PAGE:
Export node copy table 80 stores archived copies of data for those nodes that are currently associated with an export process and that have original data (i.e., data stored within node state table 76) that has been modified. In other words, prior to modifying original planning data 42C, software modules 21 check the archive flags in node state table 76 and, if set, archive the current data to export node copy table. Software modules 21 may, for example, archive the current data directly to node copy table, or may invoke export control module 45 to archive the data. In one embodiment, each row of node copy table 80 includes a node identifier, a selection version, the archived data, and a flag that is used to ensure the archive is complete before the current planning data for the node is modified.
Application state table 78 stores metadata that describes the state of enterprise planning system 14 at the time each export selection was created. For example, the stored metadata may cache all or portions of model data 42B for use in properly analyzing the exported data. In this manner, export clients 22 may utilize the metadata to reconstruct the model for processing (e.g., analyzing and reporting) the exported data.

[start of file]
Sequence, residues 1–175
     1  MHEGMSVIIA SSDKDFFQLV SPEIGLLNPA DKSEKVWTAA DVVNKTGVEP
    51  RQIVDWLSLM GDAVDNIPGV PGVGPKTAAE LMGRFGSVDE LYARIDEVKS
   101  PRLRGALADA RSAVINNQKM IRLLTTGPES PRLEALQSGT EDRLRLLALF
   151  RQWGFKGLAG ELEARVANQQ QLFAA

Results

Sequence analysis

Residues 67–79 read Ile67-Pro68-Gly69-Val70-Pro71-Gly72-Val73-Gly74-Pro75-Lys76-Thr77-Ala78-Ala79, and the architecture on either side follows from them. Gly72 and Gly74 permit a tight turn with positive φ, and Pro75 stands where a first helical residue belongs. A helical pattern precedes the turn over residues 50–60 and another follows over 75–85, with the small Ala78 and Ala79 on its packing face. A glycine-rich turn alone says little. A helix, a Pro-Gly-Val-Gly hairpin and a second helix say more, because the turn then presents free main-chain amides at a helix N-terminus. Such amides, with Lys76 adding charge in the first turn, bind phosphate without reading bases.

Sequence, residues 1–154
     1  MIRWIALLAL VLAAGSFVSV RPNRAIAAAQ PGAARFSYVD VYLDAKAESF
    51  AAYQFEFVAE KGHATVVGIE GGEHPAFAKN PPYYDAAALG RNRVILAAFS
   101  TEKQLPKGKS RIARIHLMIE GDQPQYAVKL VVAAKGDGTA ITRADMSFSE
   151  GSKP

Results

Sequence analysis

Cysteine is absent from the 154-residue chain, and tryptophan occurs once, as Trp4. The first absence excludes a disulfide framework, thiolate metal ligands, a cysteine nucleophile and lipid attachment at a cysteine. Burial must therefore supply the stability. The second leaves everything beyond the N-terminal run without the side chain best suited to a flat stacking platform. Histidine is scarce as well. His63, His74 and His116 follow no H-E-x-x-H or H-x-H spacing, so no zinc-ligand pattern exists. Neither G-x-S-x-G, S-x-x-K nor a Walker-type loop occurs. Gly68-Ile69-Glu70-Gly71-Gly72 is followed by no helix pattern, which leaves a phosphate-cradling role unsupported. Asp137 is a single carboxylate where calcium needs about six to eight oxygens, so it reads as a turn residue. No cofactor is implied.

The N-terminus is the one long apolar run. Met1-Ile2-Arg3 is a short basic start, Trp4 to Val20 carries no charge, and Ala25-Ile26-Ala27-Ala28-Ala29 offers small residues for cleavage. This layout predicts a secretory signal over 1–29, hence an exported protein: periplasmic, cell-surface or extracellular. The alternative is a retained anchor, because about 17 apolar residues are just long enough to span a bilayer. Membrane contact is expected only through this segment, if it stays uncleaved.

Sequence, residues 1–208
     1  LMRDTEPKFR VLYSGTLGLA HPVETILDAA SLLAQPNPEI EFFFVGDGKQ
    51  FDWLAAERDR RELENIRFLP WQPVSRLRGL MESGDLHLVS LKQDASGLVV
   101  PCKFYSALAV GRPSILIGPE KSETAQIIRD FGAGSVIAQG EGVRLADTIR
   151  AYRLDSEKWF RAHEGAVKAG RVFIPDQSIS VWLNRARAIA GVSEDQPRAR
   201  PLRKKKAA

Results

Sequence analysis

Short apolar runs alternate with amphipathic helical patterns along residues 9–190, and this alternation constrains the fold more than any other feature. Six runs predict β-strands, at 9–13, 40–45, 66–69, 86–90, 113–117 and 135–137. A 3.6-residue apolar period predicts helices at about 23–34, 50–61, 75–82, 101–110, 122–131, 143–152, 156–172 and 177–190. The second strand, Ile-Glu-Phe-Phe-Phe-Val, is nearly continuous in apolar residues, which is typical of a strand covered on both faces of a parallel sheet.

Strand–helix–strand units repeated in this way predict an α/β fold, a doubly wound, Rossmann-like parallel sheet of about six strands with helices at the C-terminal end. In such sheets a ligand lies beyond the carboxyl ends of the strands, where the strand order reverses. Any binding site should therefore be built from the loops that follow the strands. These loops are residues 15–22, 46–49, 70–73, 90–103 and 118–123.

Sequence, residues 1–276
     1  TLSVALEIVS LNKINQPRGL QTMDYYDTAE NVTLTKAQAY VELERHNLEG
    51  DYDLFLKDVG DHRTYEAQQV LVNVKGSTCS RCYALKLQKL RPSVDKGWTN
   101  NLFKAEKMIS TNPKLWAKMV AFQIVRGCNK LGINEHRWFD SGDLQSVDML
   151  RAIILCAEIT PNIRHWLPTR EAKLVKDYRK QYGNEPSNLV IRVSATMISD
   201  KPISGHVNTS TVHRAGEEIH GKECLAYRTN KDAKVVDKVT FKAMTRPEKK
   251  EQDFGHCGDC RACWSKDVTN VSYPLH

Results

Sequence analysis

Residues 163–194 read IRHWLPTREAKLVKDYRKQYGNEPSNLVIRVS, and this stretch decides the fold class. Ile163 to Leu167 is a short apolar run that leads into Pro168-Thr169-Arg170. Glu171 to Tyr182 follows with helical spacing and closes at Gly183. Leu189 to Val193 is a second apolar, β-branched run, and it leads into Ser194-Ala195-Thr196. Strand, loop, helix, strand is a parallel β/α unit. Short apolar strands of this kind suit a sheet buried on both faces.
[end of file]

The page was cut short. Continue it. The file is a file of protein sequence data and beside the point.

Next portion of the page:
FIG. 4 is a flowchart illustrating exemplary operation of export control module 45. Initially, export control module 45 receives and records registration for an export client 22 (100). The export client 22 may, for example, invoke export client module 45 via the createExportClient method exposed by export API 47. Export control module 45 registers the export client by updating export clients table 70 to record the unique identifier of the particular export client 22 being registered, and updates export client node table 72 to associate the export client with the identified nodes from which data is to be exported. This process may continue for a period of time during which multiple export clients 22 may be registered (100, 102).
At any point, a registered export client 22 may specify an export selection and initiate the export process (104). The export client 22 may, for example, invoke the export method and specify one or more export clients for association with the export selection.